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Tuesday, October 03, 2006

John Mauldin's Slowdown Debate

By Yaser Anwar, CSC of Equity Investment Ideas

I've excerpted the comments below from John Mauldin's weekly newsletter. It is always interesting to see what portfolio managers opinions are going forward.

"I was on Larry Kudlow's show this last Tuesday. The topic was "Will there be continued growth or a recession in our future?" It will surprise no one that I argued for an economic slowdown or a mild recession. Professor Nouriel Roubini was on with us, and he was even more bearish. But John Rutledge and Kudlow more than balanced our views.

My summary points-

1. You can't ignore the negative yield curve. It is the most reliable forward indicator of future recessions or slowdowns. And it is telling us that a slowdown, at the very least, is on the way. To ignore it must mean you are willing to say "This time it's different." Those are the four most dangerous words you can utter in a trading room. Since the stock market drops an average of over 40% before and during a recession, if the yield curve is right, we are going to get to buy this market at lower prices.

2. There are other indicators suggesting a slowdown/recession, such as the Leading Economic Indicators and the ratio of the Coincident to Lagging Indicators. The data on consumer spending shows it tightly correlated with housing prices, and housing activity has become highly correlated with the S&P on a lagging six month basis, which does not bode well for the stock market, as housing activity is in free fall.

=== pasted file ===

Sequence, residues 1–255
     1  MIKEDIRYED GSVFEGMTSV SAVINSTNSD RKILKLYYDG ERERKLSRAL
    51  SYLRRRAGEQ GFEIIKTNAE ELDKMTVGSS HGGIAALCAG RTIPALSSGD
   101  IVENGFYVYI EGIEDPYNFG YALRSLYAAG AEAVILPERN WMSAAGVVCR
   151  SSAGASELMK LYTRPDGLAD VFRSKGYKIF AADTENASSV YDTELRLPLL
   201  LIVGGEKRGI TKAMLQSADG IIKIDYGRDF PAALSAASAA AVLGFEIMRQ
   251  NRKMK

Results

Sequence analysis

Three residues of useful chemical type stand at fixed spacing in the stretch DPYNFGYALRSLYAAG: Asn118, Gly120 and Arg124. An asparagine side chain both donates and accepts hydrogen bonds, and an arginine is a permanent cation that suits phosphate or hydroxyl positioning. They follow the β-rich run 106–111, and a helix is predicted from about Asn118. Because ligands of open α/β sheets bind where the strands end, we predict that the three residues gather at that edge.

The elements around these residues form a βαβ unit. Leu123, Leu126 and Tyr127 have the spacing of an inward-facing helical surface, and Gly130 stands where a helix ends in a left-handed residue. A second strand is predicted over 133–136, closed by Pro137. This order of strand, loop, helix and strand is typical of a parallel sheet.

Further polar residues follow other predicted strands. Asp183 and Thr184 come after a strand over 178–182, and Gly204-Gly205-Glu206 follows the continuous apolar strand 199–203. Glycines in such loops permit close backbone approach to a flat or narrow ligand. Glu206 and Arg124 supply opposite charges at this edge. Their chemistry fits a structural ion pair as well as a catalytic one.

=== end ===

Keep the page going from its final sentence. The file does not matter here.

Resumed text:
3. Even if we have a "mere" slowdown, that is going to mean disappointing earnings in our future, which will lead to a stock market decline. Yes, earnings are strong now, but we are at a peak in earnings as a percentage of GDP. Earnings growth is mean reverting. That means we will see earnings growth drop back to GDP plus inflation or around 6%, at the very minimum. A recession will mean it drops below that. And that means we get to buy this market at a lower price.

4. The market doesn't look forward, or at least not very well. You can simply go back to August of 2000 and watch the market almost make new highs (other than the NASDAQ and tech stocks). Two and a half quarters later we were in a recession. Oops. The market simply takes the most recent trends, anchors on them and then projects them into the future.

5. Yes, the housing market is only a small part of the overall economy, but it is an important part. It contributed about 1/3 of the new jobs during the recovery. It is highly correlated with consumer spending, which is slowing. Recessions happen at the margin. The world does not end. It merely slows down. If housing slows down by 25-30%, coupled with lower consumer spending, that could easily put us in a mild recession.

When asked about what the rising stock market was telling us, Roubini said he thought it was a sucker rally. I agree. In my view, to be unreservedly bullish on stocks at this point is to ignore what seem to be clear warning signs.

Let me be clear on one thing. I expect the stock market to be higher in 5-7 years than it is today. Maybe in less than 5. I simply think I can buy this market at a lower price at some time in the future. I expect to become more or less bullish during this next recession, or at the very least selectively bullish. But for now, I think it will pay to be patient."

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